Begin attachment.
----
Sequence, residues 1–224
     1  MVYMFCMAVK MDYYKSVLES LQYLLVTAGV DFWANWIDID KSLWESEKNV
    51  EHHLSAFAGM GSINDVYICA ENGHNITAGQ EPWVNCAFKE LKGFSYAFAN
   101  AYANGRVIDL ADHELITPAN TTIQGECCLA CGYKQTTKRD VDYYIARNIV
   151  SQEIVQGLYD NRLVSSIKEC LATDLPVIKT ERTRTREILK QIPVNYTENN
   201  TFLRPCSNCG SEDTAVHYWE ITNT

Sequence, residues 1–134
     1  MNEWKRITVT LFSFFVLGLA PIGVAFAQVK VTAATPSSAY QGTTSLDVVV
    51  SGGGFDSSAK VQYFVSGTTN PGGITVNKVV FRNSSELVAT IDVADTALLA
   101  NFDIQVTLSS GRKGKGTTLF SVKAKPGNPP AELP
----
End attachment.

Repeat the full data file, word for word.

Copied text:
Sequence, residues 1–224
     1  MVYMFCMAVK MDYYKSVLES LQYLLVTAGV DFWANWIDID KSLWESEKNV
    51  EHHLSAFAGM GSINDVYICA ENGHNITAGQ EPWVNCAFKE LKGFSYAFAN
   101  AYANGRVIDL ADHELITPAN TTIQGECCLA CGYKQTTKRD VDYYIARNIV
   151  SQEIVQGLYD NRLVSSIKEC LATDLPVIKT ERTRTREILK QIPVNYTENN
   201  TFLRPCSNCG SEDTAVHYWE ITNT

Sequence, residues 1–134
     1  MNEWKRITVT LFSFFVLGLA PIGVAFAQVK VTAATPSSAY QGTTSLDVVV
    51  SGGGFDSSAK VQYFVSGTTN PGGITVNKVV FRNSSELVAT IDVADTALLA
   101  NFDIQVTLSS GRKGKGTTLF SVKAKPGNPP AELP